That’s exactly what Dr. Jennie Byrne, MD PhD and I discussed on Friday’s LinkedIn Live conversation.


And trust me, even if you missed the live event, you can’t afford to miss the replay, which you can find here.

How High is the Mountain You Need to Climb?

In the summer of 2000 I was living in Japan, and decided to accept a friend’s mountain of a challenge.




The challenge: to climb Mt. Fuji. 


Now, to be fair, Fuji is no Everest (>19k feet high.) But at 3776 meters (12,393 feet) above sea level, it was still quite the experience. I went with a group, and though it was August and hot as heck at the base, the transitions at the various stages were stark, from lush and green and humid, to cool and barren, to downright cold and snow capped at the peak.



It was also harder to breathe at that altitude, where the air was much thinner. Steps became small and slow and labored – a very humbling experience for my then-20-something self.


At various points, the only thing to do was reach up and grab the hand of the guide or whoever was in front of me and had more stable footing, or otherwise to turn around and extend my hand to the person behind me.


The only way up was to ensure we all got there.


There were multiple times when I thought to myself, “This was the dumbest thing I ever agreed to do; what on earth was I thinking?”


Until I got to the top, and watched the sun rise.



It was glorious. I marveled at the vista, and all I would have missed out on if I had passed on the once-in-a-lifetime opportunity or turned back at any point along the way.


I was also aware of the sense of accomplishment and how huge it felt, along with the contrasting awareness of how incredibly small I felt in the universe at that moment.


And I was equally aware of and grateful for all the hands that had helped me up – and would soon help me back down, which is just as difficult in some ways, without whom I never would have gotten there.


What a lesson it became for so many other challenges and opportunities in life after that!


Smitha Murthy , CEO of Beagle Security, knows exactly what I’m talking about, and this week on the Speaking to Influence podcast (link), she shares it all, including:


  • Her own impending trek up Mt. Kilimanjaro (which, at around 19,400 feet, is a solid 60% taller than Mt. Fuji!) and how she is training for it in… New Jersey??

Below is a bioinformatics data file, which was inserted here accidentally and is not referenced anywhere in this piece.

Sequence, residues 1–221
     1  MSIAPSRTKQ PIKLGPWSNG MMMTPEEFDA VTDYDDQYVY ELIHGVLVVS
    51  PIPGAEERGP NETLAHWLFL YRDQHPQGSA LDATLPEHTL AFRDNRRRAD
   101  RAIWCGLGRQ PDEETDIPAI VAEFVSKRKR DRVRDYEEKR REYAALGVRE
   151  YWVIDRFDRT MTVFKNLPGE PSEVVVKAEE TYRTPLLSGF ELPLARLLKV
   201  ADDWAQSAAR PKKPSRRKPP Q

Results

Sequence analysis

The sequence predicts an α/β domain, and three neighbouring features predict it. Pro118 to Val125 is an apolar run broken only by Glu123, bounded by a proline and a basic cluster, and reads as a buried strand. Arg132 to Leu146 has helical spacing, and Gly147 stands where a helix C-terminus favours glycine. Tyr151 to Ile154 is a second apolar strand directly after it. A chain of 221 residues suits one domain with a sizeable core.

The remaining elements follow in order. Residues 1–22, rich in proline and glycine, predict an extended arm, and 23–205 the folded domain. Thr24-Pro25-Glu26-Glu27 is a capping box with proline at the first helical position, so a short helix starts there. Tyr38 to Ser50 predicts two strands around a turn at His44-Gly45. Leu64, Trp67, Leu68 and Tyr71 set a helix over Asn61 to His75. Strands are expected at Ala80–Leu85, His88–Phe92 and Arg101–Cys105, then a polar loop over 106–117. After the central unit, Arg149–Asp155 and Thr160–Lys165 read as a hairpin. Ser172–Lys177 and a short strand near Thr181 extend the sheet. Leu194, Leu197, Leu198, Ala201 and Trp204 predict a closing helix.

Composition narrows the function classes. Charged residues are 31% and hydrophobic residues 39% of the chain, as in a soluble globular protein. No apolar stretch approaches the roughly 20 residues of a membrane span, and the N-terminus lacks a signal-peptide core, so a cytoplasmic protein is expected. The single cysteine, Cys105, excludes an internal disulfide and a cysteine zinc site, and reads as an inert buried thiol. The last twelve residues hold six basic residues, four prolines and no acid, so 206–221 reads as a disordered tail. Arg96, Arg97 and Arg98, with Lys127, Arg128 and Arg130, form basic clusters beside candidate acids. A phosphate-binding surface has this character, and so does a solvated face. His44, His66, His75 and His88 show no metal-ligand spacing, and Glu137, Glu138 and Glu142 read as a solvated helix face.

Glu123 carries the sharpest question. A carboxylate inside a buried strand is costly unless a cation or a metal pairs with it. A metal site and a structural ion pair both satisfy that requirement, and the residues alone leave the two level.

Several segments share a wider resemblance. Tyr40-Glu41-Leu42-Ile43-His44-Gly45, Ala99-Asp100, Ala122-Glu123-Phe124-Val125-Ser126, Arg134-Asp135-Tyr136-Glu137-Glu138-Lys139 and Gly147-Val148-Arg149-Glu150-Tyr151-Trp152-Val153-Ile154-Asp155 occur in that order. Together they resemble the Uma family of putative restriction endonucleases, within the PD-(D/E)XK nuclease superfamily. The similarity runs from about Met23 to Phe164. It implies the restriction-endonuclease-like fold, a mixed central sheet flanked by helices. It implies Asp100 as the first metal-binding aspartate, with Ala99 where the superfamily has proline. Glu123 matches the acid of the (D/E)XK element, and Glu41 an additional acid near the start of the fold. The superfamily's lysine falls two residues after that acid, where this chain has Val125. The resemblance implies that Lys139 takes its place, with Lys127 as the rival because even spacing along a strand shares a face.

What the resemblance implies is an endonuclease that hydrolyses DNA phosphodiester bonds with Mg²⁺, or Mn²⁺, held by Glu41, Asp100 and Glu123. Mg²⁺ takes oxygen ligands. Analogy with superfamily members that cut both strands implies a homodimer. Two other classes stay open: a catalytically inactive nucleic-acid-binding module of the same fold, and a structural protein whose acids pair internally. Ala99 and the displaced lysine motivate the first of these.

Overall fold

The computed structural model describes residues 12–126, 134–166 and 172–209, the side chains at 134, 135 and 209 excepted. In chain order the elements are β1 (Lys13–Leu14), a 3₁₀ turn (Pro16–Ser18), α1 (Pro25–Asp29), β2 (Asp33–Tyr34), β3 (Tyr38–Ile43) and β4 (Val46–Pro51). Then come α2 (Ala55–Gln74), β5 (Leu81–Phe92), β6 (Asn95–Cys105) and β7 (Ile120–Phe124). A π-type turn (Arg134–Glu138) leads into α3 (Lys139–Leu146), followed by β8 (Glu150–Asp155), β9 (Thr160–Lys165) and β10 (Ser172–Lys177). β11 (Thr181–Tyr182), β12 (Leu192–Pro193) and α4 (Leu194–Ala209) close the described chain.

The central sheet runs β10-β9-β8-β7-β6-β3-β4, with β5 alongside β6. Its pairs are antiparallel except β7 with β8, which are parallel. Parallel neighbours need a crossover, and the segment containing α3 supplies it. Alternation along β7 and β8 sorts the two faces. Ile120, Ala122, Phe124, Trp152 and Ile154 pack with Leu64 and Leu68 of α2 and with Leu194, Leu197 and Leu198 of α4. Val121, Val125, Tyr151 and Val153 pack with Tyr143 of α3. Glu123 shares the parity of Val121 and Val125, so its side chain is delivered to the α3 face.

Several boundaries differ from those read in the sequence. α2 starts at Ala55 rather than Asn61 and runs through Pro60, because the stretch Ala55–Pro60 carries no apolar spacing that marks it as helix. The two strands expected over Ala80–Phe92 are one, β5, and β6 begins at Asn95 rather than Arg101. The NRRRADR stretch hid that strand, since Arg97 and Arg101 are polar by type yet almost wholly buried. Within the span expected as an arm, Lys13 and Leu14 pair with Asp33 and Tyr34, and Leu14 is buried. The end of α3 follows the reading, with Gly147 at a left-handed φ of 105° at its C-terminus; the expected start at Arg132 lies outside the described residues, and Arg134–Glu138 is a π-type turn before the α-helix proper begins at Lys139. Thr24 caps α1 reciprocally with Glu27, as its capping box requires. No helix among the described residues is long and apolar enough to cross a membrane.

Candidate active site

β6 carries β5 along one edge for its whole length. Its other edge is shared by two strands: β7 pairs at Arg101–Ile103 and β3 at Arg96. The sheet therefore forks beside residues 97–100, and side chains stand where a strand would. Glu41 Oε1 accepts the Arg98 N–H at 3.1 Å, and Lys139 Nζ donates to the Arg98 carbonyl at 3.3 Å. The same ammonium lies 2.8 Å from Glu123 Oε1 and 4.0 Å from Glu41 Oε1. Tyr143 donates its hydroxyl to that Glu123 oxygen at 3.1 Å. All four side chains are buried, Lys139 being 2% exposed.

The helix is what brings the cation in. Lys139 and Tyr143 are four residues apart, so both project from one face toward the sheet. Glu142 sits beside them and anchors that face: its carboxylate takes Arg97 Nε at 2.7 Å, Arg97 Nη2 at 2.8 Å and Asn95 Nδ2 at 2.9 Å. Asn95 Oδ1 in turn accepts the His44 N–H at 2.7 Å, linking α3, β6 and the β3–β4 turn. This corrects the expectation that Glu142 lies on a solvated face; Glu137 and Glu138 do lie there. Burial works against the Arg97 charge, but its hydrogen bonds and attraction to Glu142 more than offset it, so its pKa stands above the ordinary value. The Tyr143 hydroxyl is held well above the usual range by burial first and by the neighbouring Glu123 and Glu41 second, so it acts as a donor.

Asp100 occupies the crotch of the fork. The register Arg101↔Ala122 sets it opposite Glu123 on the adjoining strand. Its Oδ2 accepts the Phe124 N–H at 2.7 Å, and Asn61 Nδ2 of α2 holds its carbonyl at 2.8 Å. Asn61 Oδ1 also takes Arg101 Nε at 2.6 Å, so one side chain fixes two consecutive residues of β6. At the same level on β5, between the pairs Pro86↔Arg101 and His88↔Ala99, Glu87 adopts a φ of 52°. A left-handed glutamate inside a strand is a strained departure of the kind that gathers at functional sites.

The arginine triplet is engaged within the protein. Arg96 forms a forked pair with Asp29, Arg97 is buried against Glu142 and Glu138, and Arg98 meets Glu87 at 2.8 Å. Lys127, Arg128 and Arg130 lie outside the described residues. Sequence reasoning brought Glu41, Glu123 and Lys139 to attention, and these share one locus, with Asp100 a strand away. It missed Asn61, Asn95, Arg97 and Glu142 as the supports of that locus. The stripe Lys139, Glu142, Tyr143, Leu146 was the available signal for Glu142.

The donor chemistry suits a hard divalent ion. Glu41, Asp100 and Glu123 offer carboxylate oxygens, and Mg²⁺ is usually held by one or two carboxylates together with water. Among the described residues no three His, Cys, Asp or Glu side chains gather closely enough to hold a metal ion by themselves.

• Her on-going efforts to mentor and raise up other women leaders in the still-very-male-dominated world of cybersecurity
  • How she builds rapport and alliances to get things done
  • How she increased consumer satisfaction (CSAT) scores while strengthening the company culture
  • And more.



Listen to the full conversation here or watch the video on YouTube here.


Sometimes those mountains can feel insurmountable, with no end or rest in sight.


If you sometimes feel like that, join me live this Friday at 12 noon ET on LinkedIn Live for a critically important conversation with Dr. Jennie Byrne, MD PHD exploring the difference between simple “burnout” and the lesser-known but greater challenge of “moral injury.”


Moral injury isn’t about “morality” in the traditional sense, but if it’s impacting you and/or others in your organization, the effects can be devastating. Not sure if that’s what’s occurring, and if it is, then not sure what to do about it? Then you can’t afford to miss this conversation.



Register HERE.


On the other hand, if you’re ready for some quick tips and feel-good suggestions for how to live your best life overall, check out Nate Haber’s podcast, “The Optimal Life.”



Nate and I had a great conversation about taking life to the next level, whether personally and/or professionally, and how it all starts from being a better communicator. Check it out here.


And speaking of living your best life, that often stems from fresh starts, so for all who will be celebrating (the new year) later this week, happy Rosh Hashanah!

That’s When I Sat Up and Took Notice

Sometimes the person who is the least qualified on paper makes the most profound and lasting impression.


A few years ago I had the pleasure of selecting a dozen university student applicants to participate in an international entrepreneurship program taking place in Washington, DC and Cairo, Egypt. Applications were abundant and impressive. 


As I conducted the interviews, there was one student who stood out initially for the wrong reasons… and then for the best reasons of all.